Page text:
Legendary fund manager Li Lu (who Charlie Munger backed) once said, 'The biggest investment risk is not the volatility of prices, but whether you will suffer a permanent loss of capital. So it seems the smart money knows that debt - which is usually involved in bankruptcies - is a very important factor, when you assess how risky a company is. Importantly, Aoyuan Healthy Life Group Company Limited (HKG:3662) does carry debt. But is this debt a concern to shareholders?
What Risk Does Debt Bring?
Debt and other liabilities become risky for a business when it cannot easily fulfill those obligations, either with free cash flow or by raising capital at an attractive price. Part and parcel of capitalism is the process of 'creative destruction' where failed businesses are mercilessly liquidated by their bankers. However, a more usual (but still expensive) situation is where a company must dilute shareholders at a cheap share price simply to get debt under control. Having said that, the most common situation is where a company manages its debt reasonably well - and to its own advantage. The first step when considering a company's debt levels is to consider its cash and debt together.
What Is Aoyuan Healthy Life Group's Debt?
The image below, which you can click on for greater detail, shows that at December 2019 Aoyuan Healthy Life Group had debt of CN¥100.3m, up from CN¥1.78m in one year. But on the other hand it also has CN¥822.9m in cash, leading to a CN¥722.6m net cash position.
How Healthy Is Aoyuan Healthy Life Group's Balance Sheet?
According to the last reported balance sheet, Aoyuan Healthy Life Group had liabilities of CN¥526.1m due within 12 months, and liabilities of CN¥13.9m due beyond 12 months. On the other hand, it had cash of CN¥822.9m and CN¥205.7m worth of receivables due within a year. So it actually has CN¥488.5m more liquid assets than total liabilities.
This short term liquidity is a sign that Aoyuan Healthy Life Group could probably pay off its debt with ease, as its balance sheet is far from stretched. Simply put, the fact that Aoyuan Healthy Life Group has more cash than debt is arguably a good indication that it can manage its debt safely.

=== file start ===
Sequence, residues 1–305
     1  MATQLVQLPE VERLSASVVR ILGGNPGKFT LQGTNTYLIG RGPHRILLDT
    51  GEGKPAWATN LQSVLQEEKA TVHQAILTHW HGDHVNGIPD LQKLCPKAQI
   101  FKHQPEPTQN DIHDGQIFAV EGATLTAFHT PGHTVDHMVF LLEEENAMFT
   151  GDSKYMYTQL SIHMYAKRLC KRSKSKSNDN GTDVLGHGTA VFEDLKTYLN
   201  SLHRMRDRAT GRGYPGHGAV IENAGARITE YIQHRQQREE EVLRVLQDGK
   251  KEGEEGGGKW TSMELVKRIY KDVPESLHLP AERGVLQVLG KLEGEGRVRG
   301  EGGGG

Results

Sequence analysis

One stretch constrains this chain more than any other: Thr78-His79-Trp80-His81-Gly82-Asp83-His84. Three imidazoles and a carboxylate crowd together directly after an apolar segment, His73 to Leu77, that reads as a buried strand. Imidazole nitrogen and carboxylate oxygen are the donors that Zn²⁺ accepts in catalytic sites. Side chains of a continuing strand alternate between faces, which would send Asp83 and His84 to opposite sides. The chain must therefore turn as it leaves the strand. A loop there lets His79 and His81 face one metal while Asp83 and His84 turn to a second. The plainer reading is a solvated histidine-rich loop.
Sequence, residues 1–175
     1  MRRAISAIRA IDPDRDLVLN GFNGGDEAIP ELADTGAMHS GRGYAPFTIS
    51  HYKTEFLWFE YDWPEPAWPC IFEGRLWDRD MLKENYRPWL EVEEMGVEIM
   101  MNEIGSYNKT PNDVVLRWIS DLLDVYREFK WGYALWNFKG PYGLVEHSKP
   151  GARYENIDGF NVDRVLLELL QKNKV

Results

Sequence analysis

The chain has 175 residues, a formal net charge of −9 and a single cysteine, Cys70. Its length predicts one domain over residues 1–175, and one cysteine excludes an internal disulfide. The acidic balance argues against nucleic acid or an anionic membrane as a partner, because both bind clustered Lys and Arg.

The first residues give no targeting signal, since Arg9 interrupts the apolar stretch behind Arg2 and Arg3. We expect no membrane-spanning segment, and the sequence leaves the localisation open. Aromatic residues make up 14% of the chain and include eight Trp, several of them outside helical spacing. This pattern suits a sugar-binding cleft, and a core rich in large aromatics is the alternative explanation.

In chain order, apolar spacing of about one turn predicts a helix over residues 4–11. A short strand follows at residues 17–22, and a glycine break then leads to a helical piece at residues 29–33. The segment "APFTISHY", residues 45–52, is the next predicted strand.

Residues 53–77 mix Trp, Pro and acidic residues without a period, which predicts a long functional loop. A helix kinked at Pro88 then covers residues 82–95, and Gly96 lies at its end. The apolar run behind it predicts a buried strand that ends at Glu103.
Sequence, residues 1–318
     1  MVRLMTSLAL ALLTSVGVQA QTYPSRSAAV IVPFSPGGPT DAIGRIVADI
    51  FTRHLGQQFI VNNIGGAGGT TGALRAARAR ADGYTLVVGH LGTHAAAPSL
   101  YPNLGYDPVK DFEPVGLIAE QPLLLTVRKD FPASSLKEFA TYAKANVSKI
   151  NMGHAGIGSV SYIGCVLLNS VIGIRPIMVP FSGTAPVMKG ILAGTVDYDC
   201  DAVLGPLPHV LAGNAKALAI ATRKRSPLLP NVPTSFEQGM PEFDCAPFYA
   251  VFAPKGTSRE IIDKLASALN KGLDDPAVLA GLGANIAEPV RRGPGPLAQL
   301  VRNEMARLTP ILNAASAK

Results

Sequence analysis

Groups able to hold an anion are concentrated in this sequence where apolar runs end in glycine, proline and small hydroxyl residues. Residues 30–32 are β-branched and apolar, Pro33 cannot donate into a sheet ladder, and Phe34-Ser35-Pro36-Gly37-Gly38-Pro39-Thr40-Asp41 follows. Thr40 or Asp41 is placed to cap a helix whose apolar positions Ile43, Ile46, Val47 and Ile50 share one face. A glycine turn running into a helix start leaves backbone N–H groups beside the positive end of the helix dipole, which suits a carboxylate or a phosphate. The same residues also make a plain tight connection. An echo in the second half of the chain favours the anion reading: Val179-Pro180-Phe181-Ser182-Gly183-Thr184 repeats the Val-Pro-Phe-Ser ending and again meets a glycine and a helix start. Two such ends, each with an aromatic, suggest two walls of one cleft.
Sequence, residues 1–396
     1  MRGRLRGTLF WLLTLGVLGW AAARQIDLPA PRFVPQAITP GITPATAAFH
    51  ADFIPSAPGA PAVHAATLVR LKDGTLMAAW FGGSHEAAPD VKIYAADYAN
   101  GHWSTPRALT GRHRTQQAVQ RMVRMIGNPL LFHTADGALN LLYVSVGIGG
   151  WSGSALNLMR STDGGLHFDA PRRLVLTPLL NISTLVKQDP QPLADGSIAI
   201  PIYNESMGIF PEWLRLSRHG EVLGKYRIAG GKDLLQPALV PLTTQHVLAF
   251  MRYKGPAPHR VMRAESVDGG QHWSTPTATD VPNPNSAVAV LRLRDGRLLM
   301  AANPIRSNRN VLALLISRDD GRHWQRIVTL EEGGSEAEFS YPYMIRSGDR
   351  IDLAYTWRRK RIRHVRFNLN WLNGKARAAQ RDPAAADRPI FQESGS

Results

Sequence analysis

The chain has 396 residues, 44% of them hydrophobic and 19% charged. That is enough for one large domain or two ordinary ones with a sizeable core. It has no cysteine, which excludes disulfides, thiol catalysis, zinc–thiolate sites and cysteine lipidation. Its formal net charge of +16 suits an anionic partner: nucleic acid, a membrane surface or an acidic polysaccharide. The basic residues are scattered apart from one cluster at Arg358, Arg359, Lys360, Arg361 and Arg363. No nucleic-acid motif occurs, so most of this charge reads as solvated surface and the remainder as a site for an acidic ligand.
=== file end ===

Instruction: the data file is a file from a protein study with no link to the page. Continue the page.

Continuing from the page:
On top of that, Aoyuan Healthy Life Group grew its EBIT by 75% over the last twelve months, and that growth will make it easier to handle its debt. There's no doubt that we learn most about debt from the balance sheet. But ultimately the future profitability of the business will decide if Aoyuan Healthy Life Group can strengthen its balance sheet over time. So if you want to see what the professionals think, you might find this free report on analyst profit forecasts to be interesting.
But our final consideration is also important, because a company cannot pay debt with paper profits; it needs cold hard cash. Aoyuan Healthy Life Group may have net cash on the balance sheet, but it is still interesting to look at how well the business converts its earnings before interest and tax (EBIT) to free cash flow, because that will influence both its need for, and its capacity to manage debt. Over the last three years, Aoyuan Healthy Life Group actually produced more free cash flow than EBIT. That sort of strong cash generation warms our hearts like a puppy in a bumblebee suit.
While it is always sensible to investigate a company's debt, in this case Aoyuan Healthy Life Group has CN¥722.6m in net cash and a decent-looking balance sheet. And it impressed us with free cash flow of CN¥329m, being 135% of its EBIT. So is Aoyuan Healthy Life Group's debt a risk? It doesn't seem so to us. When analysing debt levels, the balance sheet is the obvious place to start. However, not all investment risk resides within the balance sheet - far from it. Take risks, for example - Aoyuan Healthy Life Group has 2 warning signs we think you should be aware of.
Of course, if you're the type of investor who prefers buying stocks without the burden of debt, then don't hesitate to discover our exclusive list of net cash growth stocks, today.
If you spot an error that warrants correction, please contact the editor at firstname.lastname@example.org. This article by Simply Wall St is general in nature. It does not constitute a recommendation to buy or sell any stock, and does not take account of your objectives, or your financial situation. Simply Wall St has no position in the stocks mentioned.
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